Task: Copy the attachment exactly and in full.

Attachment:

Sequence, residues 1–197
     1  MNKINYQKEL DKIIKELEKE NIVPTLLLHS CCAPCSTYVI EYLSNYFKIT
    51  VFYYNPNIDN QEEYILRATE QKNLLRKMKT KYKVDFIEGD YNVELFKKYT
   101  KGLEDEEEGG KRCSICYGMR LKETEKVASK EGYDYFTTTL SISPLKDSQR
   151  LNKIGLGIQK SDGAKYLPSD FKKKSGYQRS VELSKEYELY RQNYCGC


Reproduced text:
Sequence, residues 1–197
     1  MNKINYQKEL DKIIKELEKE NIVPTLLLHS CCAPCSTYVI EYLSNYFKIT
    51  VFYYNPNIDN QEEYILRATE QKNLLRKMKT KYKVDFIEGD YNVELFKKYT
   101  KGLEDEEEGG KRCSICYGMR LKETEKVASK EGYDYFTTTL SISPLKDSQR
   151  LNKIGLGIQK SDGAKYLPSD FKKKSGYQRS VELSKEYELY RQNYCGC